The moment has arrived to end their toxic relationship. It’s time for Washington to close the book on the biggest free-agent blunder in NFL history.
Removing Haynesworth from the team now makes sense for many reasons, the salary cap chief among them.
The defensive tackle has a salary of $5.4 million this season, $1.8 million more than his 2010 base pay. Haynesworth’s salary would become guaranteed if he’s on the 53-man roster for the first regular season game.
That’s money the Redskins could spend on a player or players who may actually help them.
Last April, all the prorated money in Haynesworth’s deal was eliminated when the Redskins paid him a $21 million bonus. Because of that move, Washington would save $5.4 million off the cap by dumping his contract. There would be no negative cap ramifications for Washington.
Although the Redskins have cap flexibility, more flexibility would only help them in pursuing free agents. Also, it’s not just about having space for signings. More cap room means more trade potential.
And after finishing last or tied for last four of the past five seasons, the Redskins cannot afford to waste opportunities.
Their defense was horrendous last season. The talent level along the line must improve, and if possible, upgrading at inside linebacker and cornerback would make sense. Then there are all of the big holes on offense.
During two disappointing seasons, Haynesworth has received almost $35 million while playing in 20 games. Dissatisfied with his role, he has been accused of insubordination and was suspended for the final four games in 2010 for conduct detrimental to the club.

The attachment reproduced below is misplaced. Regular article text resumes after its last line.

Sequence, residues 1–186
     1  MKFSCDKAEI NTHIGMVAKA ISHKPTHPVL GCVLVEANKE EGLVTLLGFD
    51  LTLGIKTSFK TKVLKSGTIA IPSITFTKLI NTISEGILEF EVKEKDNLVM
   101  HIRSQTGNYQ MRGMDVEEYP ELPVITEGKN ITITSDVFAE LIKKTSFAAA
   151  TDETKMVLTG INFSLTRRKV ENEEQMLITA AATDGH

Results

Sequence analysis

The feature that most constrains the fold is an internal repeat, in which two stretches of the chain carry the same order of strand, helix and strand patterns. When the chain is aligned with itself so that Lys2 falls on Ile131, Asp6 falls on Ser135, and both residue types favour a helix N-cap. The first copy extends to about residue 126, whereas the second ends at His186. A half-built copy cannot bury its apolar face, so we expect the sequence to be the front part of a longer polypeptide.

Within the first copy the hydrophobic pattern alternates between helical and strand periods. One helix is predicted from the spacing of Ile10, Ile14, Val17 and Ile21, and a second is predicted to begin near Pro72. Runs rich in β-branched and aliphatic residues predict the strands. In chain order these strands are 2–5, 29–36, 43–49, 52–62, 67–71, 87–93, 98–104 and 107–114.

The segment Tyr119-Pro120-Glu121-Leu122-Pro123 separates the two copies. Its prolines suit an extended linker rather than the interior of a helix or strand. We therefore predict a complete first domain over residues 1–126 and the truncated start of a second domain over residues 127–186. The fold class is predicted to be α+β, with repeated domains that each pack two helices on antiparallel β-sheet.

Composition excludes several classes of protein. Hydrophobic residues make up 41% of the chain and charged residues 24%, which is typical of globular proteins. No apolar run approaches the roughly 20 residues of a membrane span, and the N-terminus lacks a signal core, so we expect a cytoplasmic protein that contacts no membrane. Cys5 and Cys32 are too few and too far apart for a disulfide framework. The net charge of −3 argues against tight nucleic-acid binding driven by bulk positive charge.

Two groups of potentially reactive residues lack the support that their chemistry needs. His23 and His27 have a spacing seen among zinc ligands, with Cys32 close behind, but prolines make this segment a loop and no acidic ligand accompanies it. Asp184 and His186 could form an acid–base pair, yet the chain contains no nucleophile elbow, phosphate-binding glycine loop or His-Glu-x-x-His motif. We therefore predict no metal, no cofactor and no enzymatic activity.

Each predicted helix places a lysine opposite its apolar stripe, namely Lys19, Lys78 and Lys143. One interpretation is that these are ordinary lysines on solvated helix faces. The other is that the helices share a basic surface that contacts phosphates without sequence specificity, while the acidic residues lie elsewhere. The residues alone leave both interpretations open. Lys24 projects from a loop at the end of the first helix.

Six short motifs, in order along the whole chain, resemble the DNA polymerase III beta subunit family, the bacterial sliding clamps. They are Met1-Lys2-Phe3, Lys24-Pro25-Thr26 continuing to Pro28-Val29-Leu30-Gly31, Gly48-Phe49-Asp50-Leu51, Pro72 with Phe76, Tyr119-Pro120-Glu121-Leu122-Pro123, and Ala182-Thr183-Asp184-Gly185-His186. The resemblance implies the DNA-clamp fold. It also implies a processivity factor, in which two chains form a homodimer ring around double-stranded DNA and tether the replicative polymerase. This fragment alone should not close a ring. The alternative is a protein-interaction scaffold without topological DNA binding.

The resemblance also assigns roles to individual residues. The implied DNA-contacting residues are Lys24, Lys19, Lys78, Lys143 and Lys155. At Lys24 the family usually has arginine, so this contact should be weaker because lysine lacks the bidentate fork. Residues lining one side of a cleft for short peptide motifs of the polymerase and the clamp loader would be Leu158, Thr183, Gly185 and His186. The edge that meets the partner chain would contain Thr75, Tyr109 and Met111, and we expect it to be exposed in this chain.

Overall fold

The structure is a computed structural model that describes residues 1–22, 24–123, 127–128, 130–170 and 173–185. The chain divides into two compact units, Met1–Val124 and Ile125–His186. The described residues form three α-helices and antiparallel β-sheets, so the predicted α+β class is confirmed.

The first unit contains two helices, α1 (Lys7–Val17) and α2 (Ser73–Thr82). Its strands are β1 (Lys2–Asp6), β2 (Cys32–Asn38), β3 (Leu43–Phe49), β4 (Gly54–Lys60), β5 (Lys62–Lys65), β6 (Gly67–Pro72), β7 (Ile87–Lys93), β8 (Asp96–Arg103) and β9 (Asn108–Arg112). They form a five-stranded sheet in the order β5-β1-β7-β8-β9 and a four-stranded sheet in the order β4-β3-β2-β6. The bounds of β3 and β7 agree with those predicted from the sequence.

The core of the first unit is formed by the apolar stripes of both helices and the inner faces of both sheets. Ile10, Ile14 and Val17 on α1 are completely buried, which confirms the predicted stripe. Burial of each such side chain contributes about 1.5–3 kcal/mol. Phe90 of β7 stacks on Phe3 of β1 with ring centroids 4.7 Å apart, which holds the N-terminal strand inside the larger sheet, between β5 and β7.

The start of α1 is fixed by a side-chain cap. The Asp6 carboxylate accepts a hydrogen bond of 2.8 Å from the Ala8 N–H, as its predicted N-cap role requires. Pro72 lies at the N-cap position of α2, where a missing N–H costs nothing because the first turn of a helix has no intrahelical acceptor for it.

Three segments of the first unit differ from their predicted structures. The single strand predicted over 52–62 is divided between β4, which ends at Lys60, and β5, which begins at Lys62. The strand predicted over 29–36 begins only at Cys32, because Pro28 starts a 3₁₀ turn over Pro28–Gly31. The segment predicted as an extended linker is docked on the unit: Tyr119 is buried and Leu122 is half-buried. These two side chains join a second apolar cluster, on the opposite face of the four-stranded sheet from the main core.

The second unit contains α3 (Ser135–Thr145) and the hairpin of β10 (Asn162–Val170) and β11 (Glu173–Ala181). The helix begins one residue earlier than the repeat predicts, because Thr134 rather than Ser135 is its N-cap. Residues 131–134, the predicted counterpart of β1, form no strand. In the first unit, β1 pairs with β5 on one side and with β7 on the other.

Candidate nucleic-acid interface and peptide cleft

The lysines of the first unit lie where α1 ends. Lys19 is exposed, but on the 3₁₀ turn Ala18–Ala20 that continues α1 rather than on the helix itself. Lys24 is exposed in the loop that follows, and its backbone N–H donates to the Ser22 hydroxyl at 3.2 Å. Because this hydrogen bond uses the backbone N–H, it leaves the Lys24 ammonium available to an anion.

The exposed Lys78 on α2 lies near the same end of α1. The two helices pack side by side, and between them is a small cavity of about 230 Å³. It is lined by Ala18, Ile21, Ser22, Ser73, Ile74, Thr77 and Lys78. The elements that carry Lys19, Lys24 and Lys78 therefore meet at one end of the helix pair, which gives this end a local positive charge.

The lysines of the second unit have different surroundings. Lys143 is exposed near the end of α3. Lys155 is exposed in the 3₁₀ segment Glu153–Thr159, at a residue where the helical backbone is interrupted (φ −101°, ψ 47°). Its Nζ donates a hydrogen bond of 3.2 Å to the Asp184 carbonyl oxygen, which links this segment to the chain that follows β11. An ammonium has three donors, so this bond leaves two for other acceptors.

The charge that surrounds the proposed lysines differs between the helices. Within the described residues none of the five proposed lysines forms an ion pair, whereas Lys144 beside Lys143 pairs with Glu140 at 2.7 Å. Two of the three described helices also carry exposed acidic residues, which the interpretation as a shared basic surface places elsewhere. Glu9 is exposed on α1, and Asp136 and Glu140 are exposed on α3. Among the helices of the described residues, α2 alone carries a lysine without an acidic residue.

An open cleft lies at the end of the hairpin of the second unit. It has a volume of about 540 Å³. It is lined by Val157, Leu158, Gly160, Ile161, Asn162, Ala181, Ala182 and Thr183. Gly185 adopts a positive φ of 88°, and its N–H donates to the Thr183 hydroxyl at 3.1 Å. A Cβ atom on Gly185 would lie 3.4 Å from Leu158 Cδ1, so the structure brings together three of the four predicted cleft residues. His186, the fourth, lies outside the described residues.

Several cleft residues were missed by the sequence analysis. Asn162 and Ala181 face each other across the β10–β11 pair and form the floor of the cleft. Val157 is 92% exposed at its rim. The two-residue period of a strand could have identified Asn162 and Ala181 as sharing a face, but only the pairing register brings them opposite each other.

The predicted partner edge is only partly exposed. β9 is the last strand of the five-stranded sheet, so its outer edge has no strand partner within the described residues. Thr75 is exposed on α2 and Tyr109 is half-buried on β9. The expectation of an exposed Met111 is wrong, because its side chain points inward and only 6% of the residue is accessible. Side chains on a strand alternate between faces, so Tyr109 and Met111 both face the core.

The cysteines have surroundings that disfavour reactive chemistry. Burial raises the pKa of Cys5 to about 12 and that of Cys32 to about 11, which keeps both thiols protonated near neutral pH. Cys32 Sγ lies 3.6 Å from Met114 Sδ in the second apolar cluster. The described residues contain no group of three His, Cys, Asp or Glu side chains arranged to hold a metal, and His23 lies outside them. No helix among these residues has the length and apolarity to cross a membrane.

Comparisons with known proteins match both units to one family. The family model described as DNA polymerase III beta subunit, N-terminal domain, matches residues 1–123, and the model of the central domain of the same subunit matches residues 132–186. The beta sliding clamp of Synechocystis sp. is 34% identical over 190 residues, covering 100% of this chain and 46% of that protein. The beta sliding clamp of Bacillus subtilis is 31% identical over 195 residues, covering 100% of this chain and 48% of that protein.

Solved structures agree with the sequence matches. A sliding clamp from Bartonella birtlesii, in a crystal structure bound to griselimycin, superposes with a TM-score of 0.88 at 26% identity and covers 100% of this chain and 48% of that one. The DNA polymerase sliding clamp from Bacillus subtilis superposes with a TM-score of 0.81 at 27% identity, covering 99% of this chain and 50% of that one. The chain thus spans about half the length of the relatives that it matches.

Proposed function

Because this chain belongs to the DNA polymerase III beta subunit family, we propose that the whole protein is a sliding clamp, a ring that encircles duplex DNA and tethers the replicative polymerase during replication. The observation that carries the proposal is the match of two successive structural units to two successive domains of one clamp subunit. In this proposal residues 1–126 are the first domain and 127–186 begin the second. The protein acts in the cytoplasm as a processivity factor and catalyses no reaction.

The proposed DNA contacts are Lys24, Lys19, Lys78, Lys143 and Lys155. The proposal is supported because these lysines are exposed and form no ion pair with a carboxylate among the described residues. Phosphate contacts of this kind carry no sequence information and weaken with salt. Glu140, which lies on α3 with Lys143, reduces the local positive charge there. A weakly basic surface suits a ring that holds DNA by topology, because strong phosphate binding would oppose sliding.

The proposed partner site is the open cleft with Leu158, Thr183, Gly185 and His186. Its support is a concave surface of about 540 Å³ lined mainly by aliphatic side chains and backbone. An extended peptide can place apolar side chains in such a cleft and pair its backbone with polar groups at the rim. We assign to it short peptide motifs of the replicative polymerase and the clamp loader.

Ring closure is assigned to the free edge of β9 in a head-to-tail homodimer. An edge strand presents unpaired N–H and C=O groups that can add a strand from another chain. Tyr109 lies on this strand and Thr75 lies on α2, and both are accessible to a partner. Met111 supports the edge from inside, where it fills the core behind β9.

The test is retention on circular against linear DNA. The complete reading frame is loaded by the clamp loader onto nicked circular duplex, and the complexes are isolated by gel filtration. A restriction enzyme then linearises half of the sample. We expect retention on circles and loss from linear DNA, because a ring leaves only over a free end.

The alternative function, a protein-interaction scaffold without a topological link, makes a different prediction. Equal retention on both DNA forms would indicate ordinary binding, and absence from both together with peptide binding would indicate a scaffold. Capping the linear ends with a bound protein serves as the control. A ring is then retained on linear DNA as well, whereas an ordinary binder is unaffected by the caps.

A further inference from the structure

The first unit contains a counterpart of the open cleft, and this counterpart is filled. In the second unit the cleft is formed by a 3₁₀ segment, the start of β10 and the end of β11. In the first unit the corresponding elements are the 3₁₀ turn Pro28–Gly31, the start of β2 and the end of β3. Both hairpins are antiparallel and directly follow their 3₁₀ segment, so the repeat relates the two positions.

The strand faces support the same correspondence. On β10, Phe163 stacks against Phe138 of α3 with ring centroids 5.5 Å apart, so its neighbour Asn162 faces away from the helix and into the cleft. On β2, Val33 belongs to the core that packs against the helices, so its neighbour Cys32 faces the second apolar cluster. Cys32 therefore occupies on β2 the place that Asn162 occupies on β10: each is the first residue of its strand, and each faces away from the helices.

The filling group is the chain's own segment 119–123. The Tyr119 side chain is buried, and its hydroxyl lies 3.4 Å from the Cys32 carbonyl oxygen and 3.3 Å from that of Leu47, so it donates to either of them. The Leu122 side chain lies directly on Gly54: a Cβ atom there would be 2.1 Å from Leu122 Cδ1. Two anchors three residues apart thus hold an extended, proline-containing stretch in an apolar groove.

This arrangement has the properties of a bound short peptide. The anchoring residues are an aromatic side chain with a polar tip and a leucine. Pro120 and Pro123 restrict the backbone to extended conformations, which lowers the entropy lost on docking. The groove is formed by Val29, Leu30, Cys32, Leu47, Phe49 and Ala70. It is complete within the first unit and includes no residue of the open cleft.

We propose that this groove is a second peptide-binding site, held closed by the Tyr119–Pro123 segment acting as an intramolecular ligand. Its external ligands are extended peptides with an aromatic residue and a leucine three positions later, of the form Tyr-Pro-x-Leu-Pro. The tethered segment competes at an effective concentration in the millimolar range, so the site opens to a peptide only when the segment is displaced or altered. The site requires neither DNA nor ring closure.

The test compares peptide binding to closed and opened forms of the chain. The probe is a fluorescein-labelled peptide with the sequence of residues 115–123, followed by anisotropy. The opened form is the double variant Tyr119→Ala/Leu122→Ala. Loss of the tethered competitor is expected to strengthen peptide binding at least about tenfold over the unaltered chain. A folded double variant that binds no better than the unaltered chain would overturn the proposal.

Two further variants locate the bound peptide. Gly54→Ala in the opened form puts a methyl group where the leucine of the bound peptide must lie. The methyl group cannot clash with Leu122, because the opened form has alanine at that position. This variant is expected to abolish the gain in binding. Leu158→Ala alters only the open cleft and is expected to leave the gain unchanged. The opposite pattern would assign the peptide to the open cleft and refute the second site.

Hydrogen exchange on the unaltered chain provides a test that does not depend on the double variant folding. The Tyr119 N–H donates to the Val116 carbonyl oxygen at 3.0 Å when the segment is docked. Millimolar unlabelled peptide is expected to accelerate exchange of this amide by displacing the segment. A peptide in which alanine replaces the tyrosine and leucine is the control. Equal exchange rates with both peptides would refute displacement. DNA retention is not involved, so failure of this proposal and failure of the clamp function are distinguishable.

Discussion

Combined with his off-field legal issues, Haynesworth has little trade value, though there are still a few teams that would strongly consider offering the Redskins a low-round pick in exchange for him. Tennessee previously offered the Redskins a draft choice for Haynesworth, a two-time all-pro with that franchise, but Coach Mike Shanahan rejected the Titans’ proposal.
Shanahan is believed to be seeking a high-round pick for Haynesworth, which he surely won’t receive, so releasing Haynesworth is Washington’s most viable option to end the long-running drama.
Paid almost $24 million in bonuses and salary last season, Haynesworth occasionally displayed the ability that helped him become the No. 1 player in the 2009 free agent class. Ultimately, though, his differences with Shanahan were too wide to bridge, and his performance suffered.
Haynesworth’s unwillingness to commit to Shanahan’s program — after signing a contract for the most guaranteed money in league history at the time — is unacceptable to Shanahan. The notion of Haynesworth possibly “winning” infuriates Shanahan, people at Redskins Park say.